Victimization: Considering the many aspects of social life in which men are the losers today, are the majority of victims of death, violence, alcoholism, depression, and general feelings of powerlessness (etc.) male or female in the series? If male, is it perceived as a natural part of life, an ingrained expectation in all the characters, that it simply should be the men who suffer most?

As described earlier in this chapter, men perform the vast majority of dangerous occupations, falling victim to wars and work accidents. This, combined with their lower life expectancy and higher suicide rates, signifies a considerable level of marginalization of men in contemporary society. This treatment as the disposable sex and the gospel of misandry among radical feminists has helped to create a very negative portrayal of men and masculinity throughout the last fifty years:

Negative Portrayals: Considering the level of marginalization and misandry that has occurred since the 1960s and 70s, are the majority of male characters in the series portrayed in mainly negative or positive terms? For example, do they exhibit any of the traits believed by misandrists to be an unavoidable part of a man’s nature (like aggression, emotional detachment and cruelty)?

In the past, women have been subject to a degrading level of simplification in literature to such an extent as to be reduced to a generalized set of stereotypes that became the acknowledged standard for female characters. To always be viewed from a sexual perspective has been a common factor for women in fiction; so has the level of passivity to which they have been ascribed. However, while women have been stereotyped as passive objects of a sexual gaze, so have men been stereotyped as active performers of this gazing. Generalization is therefore just as notable an issue for men, which calls for the last point of analysis:

Oversimplification: To what extent are the male characters in the series portrayed in stereotypical and oversimplified ways? For example regarding sexuality: are they mostly driven by their own sexuality, brought low because of it or corrupted by it?

George R.R. Martin has commented, “The pitfalls of lots of other fantasy texts is when writers stray into writing in stereotypes. Male or female, I believe in painting in shades of grey. All of the characters should be flawed; they all have good and bad, because that’s what I see. Yes, it’s fantasy, but the characters still need to be real48. It remains to be seen if Martin succeeds in painting shades of grey in all aspects of his series. In the following analysis, I will therefore be examining whether Martin has aspects in his series that are in some way biased against the male characters, a bias that stems from a preconceived notion of how men and masculinity are defined.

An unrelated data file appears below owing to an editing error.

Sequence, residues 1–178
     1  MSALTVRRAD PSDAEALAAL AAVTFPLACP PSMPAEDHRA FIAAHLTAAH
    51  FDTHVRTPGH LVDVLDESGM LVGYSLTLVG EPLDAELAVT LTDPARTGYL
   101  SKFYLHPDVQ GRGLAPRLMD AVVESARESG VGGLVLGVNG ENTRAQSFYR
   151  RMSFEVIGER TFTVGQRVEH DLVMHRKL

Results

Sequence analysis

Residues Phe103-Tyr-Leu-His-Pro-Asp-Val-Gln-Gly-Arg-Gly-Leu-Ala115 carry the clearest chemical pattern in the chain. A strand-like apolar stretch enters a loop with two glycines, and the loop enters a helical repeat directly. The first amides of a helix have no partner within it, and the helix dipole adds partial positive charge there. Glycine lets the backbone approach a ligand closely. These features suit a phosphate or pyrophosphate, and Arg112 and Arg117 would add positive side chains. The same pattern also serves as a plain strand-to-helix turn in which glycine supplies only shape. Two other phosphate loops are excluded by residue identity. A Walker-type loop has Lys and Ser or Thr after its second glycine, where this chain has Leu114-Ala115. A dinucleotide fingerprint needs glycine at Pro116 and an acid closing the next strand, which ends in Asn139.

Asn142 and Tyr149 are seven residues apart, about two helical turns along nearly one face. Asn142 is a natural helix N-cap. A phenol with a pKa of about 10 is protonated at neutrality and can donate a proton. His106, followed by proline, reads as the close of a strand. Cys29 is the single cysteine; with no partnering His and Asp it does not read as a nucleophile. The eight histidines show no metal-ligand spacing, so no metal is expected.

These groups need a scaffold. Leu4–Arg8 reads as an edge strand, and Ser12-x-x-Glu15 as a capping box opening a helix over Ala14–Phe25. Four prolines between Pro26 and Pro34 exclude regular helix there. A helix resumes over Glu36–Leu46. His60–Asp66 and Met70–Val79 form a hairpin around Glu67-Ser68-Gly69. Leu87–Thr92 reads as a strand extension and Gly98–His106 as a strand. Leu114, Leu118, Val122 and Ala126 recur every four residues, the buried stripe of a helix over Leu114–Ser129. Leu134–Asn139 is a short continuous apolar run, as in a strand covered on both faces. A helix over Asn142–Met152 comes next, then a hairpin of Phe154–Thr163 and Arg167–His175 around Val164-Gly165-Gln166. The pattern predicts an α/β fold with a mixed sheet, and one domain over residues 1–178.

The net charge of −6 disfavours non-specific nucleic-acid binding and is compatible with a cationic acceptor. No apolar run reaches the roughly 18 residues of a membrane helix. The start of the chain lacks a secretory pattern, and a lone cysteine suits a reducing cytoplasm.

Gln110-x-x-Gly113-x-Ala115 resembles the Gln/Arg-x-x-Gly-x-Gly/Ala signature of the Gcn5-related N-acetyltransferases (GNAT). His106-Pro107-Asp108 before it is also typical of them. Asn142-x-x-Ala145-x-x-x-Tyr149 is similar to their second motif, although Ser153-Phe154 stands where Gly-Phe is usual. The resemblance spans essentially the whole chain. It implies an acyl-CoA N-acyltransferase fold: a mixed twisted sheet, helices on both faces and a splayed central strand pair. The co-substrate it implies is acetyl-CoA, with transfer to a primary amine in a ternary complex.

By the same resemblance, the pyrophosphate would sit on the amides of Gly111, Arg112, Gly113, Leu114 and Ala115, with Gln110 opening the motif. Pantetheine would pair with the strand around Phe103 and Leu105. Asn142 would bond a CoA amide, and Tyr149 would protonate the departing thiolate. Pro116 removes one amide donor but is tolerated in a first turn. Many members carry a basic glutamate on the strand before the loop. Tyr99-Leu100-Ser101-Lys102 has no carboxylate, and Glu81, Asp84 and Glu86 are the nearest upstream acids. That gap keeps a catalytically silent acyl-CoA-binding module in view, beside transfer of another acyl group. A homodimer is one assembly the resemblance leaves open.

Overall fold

Table of Content
1 Introduction 5

1.1 Problem formulation 8

2 Methodology 9

3 Theory 11

3.1 Hegemonic masculinity 11

3.1.1 Background and characteristics 11

3.2 Contemporary masculinity 14

3.2.1 Men in crisis 14

3.2.2 The death of chivalry 15

3.2.3 Revalorization of masculinity 16

3.3 “Masculine Revisionism” 19

3.3.1 Feminist Revisionism 19

3.3.2 “Masculine Revisionism” 19
4 Analysis 22

4.1 Characterization of main

male characters 22

4.1.1 Eddard Stark – Tradition 22

4.1.2 Jaime Lannister – Emasculation 30

4.2 “Masculine Revisionism” 48

4.2.1 Victimization 48

4.2.2 Negative portrayals 51

4.2.3 Oversimplification 53
5 Conclusion 57

6 Bibliography 61

6.1 Primary Literature 61

6.2 Scholarship for A Song of Ice and Fire 61

6.3 Literature on Gender and Masculinity 62

6.4 Statistics and Miscellaneous 63

6.5 Background research 64

7 Appendices 65

7.1 Statistical data on social crises 65

7.2 Character Gallery 69

7.3 Plot description of

A Song of Ice and Fire 71